“Goodbye Norma Jeane, it seems to me you lived your life, Like a candle in the wind, Never knowing whom to cling to ,When the rain set in…” Elton John’s haunting ballad Candle In The Wind on Marilyn Monroe.
I expected Elton John’s song to pop up somewhere in Netflix’s monstrously ambitious masterpiece Blonde about the life and many death of Marilyn Monroe.
But no. In Blonde, director Andrew Dominik is determined to avoid all the clichés that have grown around Monroe’s magical mystical persona (except the dress billowing in the air which couldn’t be avoided) of the Doomed Hollywood Superstar, the candle in the wind who didn’t know whom to cling to when the rain set in. So she just clung to whoever offered her a shoulder, only to realize that the men in her life worshipped the illusory hallucinogenic image on the screen which the real Norma Jean got more and distanced from.
The more she ran away from her ritzy destructive image, the more it chased her.
And therein lies the secret to the conundrum that was Monroe, and by extension the blizzard of bizarre images , some in black-and-white others in colour sometimes in of tormented visual signposts of a mind on the brink. Blonde doesn’t spare us any of the sordid details from Joyce Carol Oates novel on which this sprawling monsterpiece is laid out.
Piece by piece, the mystique of Marilyn Monroe is unravelled in this joyless film. There is no sunshine or humour in Blonde. The only jokes that are cracked are directed at Marilyn, life being the cruelest possible joke played on a woman who thankfully died young before she was abused and exploited any more.
Very often, as I watched Blonde in dismayed wonder, I felt everyone around her was laughing at Monroe, even her two husbands, one baseball star Joe DiMaggio (Bobby Cannavale), the other eminent playwright Arthur Miller (Adrien Brody).One looks at her as though he were an unsolvable puzzle. The other looks with adoring glances that suggest a complete detachment from the real person , objectifying the object of adoration to the point of annihilating her real self.
But Norma Jeane, alias Marilyn Monroe, was not cut out for marriage. Forget marriage, she was not cut out for life. She craved for motherhood. And to prove it, the camera peers right into her womb through her vagina, as if to prove her eligibility for motherhood.
The men in showbusiness, and I include politicians in that group of sham merchants, treated her like trash. Specially contemptible is a lengthy savagely cruel sequence where a drugged and drunk Monroe is bodily dragged to the US President’s bedroom to perform oral sex and then after sex, she is signaled to leave.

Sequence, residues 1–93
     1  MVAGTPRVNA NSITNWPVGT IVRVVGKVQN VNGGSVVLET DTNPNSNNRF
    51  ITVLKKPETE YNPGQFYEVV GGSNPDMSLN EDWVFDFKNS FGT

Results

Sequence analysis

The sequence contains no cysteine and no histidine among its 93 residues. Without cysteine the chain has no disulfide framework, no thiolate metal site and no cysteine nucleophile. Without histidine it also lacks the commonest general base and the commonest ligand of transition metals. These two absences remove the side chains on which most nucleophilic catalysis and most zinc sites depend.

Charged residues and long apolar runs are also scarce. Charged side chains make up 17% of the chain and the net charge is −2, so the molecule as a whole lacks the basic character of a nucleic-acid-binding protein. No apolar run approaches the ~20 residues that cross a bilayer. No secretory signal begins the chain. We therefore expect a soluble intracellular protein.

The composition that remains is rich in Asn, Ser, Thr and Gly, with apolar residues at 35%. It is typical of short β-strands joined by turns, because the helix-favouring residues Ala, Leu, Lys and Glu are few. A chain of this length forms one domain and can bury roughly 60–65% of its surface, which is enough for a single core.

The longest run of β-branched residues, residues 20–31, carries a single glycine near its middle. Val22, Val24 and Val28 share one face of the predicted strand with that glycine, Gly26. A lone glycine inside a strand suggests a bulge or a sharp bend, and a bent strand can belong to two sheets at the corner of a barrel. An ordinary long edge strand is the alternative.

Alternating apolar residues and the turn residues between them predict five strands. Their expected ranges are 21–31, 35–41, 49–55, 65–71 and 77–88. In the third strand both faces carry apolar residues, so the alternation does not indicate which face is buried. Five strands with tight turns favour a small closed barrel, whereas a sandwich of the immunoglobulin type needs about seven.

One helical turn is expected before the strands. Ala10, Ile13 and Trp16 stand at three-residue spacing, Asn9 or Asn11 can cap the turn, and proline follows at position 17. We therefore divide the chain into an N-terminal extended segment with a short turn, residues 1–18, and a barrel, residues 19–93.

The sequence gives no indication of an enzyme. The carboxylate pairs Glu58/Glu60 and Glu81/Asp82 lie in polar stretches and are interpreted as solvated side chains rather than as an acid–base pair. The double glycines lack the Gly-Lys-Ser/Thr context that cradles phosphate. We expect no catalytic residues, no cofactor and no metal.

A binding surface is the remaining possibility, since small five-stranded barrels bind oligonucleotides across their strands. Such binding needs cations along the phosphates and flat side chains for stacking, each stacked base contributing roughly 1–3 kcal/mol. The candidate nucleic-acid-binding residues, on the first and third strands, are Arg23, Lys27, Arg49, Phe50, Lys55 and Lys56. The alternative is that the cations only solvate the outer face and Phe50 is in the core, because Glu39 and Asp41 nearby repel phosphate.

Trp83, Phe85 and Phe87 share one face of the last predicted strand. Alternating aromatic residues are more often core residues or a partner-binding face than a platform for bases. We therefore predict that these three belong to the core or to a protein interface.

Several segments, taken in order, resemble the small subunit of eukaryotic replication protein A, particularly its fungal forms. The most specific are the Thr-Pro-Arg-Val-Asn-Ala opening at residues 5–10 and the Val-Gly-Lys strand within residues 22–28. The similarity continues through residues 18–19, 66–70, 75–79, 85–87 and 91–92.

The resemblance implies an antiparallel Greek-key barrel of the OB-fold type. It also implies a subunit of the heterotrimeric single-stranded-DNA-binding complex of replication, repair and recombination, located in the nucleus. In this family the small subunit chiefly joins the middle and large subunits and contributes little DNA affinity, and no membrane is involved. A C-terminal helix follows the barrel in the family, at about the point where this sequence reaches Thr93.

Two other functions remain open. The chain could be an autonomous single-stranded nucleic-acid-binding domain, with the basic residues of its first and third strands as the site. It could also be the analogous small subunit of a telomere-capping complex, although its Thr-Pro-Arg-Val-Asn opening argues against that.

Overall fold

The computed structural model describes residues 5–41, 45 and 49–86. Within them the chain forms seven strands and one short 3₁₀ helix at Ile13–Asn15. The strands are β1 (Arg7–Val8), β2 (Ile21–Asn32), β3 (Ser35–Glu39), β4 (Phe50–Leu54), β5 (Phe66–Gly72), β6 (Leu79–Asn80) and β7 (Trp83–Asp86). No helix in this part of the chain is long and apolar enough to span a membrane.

Was the real Marilyn Monroe actually treated so shabbily by the men in her life? If so, shame on showbiz.
I remember sitting with a superstar at a shooting . He looked at his heroine who was getting her dance steps wrong.
“Actually she is good for only one thing,” he leaned over and whispered.
That’s showbiz and its chronic commodification of the women. Blonde records Marilyn Monroe’s degradation and humiliation in such graphic detail that it often feels gratuitous . Which, rest assured, is not the intention. The film desires to take us deep into the bowels of Hollywood’s lustful lascivious lair where beautiful women from shaky backgrounds are vulnerable to the worst kinds of attacks.
At one point, a producer simply throws Monroe on the table and has his way with her while she is auditioning. The look of resigned mortification on Monroe’s face will haunt me forever. As Monroe, Ana de Armas is absolutely first-rate .As she stumbles through one door to another through the a series of dark rooms in Monroe’s life, the gorgeous Armas hits not one false note.
I don’t know what the formidable Jessica Chastain who was the first choice, would have done to Monroe. What Ana has done is to underline Monroe’s sexuality with a vital vulnerability . This is a bombshell doomed to self-destruction.
I wonder what the real Marilyn Monroe would say if she saw Blonde?
“Is that really me?”
Subhash K Jha is a Patna-based film critic who has been writing about Bollywood for long enough to know the industry inside out. He tweets at @SubhashK_Jha.
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George is Digismak’s reported cum editor with 13 years of experience in Journalism